3.4. The importance of galaxy mergers since z ~ 1
Three independent methods have been brought to bear on this problem - the evolution of close galaxy pairs, the evolution of morphologically-disturbed galaxies, and the evolution of early-type galaxies as a proxy for plausible merger remnants. All three methods suffer from important systematic and interpretive difficulties. Close galaxy pairs, even supplemented with spectroscopy to isolate galaxies within 500 km s-1 of each other, remain contaminated by galaxies in the same local structures. Some measures of morphological disturbance are susceptible to this source of error to a lesser extent, and a clear consensus on the meaning of the different automated and visual measures of morphological disturbance is yet to emerge. Early-type galaxies will be the result of only a subset of galaxy mergers and interactions, and the role of disk re-accretion and fading in driving early-type galaxy evolution is frustratingly unclear.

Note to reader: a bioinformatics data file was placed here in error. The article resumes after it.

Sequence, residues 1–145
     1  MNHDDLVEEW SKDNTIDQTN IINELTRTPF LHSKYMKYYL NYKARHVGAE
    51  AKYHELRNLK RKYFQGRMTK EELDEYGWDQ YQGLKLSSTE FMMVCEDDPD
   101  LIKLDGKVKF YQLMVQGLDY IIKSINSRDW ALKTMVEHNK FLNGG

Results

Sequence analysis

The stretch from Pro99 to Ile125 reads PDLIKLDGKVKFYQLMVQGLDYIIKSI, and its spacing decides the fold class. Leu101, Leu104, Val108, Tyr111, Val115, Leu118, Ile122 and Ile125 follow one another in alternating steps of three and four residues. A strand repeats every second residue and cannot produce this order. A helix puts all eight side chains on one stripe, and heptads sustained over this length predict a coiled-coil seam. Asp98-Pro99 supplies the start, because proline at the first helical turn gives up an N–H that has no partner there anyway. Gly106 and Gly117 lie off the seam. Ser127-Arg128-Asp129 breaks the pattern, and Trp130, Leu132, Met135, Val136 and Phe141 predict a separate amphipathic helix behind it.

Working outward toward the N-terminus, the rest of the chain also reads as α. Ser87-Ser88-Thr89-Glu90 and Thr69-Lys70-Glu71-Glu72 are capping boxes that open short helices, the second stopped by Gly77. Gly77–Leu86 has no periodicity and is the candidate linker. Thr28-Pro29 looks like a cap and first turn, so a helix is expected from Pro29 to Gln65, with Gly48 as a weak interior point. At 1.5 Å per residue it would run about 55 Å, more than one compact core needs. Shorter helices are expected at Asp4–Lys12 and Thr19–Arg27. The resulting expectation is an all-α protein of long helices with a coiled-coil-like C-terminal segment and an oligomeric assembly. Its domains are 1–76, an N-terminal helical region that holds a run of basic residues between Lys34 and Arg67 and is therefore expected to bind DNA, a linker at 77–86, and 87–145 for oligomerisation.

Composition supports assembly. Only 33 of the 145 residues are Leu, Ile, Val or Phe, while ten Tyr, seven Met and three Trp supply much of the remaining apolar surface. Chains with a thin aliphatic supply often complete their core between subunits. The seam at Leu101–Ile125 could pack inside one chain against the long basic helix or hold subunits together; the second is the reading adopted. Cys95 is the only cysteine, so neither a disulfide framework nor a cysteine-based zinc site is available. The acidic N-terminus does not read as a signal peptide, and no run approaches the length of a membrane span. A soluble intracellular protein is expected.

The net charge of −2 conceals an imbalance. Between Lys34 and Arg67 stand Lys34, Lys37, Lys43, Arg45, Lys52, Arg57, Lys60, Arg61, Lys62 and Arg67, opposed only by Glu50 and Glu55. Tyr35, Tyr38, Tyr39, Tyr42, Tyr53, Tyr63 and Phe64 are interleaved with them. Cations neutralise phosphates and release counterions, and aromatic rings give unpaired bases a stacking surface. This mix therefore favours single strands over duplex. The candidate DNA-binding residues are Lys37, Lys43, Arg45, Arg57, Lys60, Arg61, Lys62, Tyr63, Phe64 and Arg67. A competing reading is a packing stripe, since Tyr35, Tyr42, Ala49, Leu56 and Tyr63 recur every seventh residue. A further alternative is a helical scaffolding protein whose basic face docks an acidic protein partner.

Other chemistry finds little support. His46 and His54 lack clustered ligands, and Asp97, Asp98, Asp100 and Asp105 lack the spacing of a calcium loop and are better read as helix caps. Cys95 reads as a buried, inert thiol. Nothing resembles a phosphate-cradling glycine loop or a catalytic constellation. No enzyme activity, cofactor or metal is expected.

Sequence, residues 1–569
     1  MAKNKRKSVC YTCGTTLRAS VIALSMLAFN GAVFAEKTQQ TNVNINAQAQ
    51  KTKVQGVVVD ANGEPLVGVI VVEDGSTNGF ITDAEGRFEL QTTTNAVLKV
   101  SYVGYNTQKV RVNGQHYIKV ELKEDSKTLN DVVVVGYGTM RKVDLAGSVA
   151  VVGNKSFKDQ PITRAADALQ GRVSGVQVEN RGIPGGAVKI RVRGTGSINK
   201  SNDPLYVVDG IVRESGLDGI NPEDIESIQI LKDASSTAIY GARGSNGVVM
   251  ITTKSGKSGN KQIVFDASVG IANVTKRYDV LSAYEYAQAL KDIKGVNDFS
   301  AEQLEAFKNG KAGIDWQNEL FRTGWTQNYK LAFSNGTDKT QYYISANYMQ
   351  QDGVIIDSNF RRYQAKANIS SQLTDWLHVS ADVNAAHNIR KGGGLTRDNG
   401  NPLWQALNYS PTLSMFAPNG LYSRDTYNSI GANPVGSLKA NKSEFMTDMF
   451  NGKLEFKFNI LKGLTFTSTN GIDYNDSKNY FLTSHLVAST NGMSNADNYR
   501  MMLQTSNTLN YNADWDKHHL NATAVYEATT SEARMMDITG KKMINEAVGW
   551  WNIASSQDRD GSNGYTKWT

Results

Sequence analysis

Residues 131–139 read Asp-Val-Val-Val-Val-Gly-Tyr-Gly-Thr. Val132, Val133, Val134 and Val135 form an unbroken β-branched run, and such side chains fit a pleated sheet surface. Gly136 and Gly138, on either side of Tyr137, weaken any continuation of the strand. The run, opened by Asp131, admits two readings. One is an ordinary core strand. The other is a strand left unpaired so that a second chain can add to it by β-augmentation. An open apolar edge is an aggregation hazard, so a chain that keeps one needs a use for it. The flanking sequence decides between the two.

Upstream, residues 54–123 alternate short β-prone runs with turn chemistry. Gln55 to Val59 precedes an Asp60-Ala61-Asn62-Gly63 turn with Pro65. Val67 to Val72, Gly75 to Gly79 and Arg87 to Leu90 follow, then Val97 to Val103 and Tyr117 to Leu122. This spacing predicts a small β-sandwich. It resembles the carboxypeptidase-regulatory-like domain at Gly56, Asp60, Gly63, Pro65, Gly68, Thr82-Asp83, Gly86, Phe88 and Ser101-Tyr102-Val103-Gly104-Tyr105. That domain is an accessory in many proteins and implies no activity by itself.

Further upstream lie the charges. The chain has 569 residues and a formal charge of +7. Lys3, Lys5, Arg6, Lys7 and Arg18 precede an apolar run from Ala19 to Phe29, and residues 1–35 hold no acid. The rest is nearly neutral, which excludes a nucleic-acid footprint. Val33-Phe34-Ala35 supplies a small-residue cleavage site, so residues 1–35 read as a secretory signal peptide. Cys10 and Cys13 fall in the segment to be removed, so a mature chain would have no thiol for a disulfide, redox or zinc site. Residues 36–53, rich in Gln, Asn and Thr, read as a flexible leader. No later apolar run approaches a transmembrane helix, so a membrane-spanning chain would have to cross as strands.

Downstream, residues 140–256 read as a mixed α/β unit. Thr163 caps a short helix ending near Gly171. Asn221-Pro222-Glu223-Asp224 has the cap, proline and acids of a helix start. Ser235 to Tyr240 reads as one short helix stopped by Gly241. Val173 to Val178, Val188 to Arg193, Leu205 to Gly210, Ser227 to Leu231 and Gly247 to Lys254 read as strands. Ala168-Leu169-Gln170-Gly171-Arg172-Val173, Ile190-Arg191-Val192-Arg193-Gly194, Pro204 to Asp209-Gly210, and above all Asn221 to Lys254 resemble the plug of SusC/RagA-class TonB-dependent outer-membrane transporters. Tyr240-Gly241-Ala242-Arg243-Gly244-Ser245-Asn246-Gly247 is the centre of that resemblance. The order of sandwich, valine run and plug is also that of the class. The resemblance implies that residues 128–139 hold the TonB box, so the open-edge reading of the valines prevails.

Yet, despite these difficulties some broad features are clear. Mergers between ~ L* galaxies are almost certainly more frequent at higher redshift than at the present day, but this does not imply by any means that galaxy mergers are unimportant at z ~ 1: indeed, it is possible that an average ~ L* galaxy undergoes roughly 1 merger between z = 1 and the present day ([Le Fèvre et al. (2000)]). This is supported by the substantial build-up in stellar mass in red-sequence and early-type galaxies since z ~ 1. Substantial uncertainties remain and important questions, like the stellar mass dependence of the merger rate, or the fraction of dissipationless vs. dissipational mergers, are completely open. Nonetheless, these first, encouraging steps imply that the massive galaxy population is strongly affected by late galaxy mergers, in excellent qualitative agreement with our understanding of galaxy evolution in a CDM Universe.